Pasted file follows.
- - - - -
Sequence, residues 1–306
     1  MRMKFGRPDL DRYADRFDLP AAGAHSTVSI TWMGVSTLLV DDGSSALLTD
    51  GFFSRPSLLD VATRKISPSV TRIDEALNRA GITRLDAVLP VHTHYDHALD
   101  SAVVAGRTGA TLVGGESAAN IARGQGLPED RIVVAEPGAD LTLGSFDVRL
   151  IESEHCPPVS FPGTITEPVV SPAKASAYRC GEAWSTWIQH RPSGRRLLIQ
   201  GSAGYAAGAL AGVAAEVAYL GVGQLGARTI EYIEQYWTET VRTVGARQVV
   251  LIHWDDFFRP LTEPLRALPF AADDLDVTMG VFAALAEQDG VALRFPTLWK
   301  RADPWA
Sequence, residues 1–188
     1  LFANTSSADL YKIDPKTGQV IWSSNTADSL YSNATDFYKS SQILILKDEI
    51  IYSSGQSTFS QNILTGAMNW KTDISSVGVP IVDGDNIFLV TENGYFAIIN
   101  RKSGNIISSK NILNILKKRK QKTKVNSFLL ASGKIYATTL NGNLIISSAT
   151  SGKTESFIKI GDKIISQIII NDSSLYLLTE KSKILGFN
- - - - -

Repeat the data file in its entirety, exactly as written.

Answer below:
Sequence, residues 1–306
     1  MRMKFGRPDL DRYADRFDLP AAGAHSTVSI TWMGVSTLLV DDGSSALLTD
    51  GFFSRPSLLD VATRKISPSV TRIDEALNRA GITRLDAVLP VHTHYDHALD
   101  SAVVAGRTGA TLVGGESAAN IARGQGLPED RIVVAEPGAD LTLGSFDVRL
   151  IESEHCPPVS FPGTITEPVV SPAKASAYRC GEAWSTWIQH RPSGRRLLIQ
   201  GSAGYAAGAL AGVAAEVAYL GVGQLGARTI EYIEQYWTET VRTVGARQVV
   251  LIHWDDFFRP LTEPLRALPF AADDLDVTMG VFAALAEQDG VALRFPTLWK
   301  RADPWA
Sequence, residues 1–188
     1  LFANTSSADL YKIDPKTGQV IWSSNTADSL YSNATDFYKS SQILILKDEI
    51  IYSSGQSTFS QNILTGAMNW KTDISSVGVP IVDGDNIFLV TENGYFAIIN
   101  RKSGNIISSK NILNILKKRK QKTKVNSFLL ASGKIYATTL NGNLIISSAT
   151  SGKTESFIKI GDKIISQIII NDSSLYLLTE KSKILGFN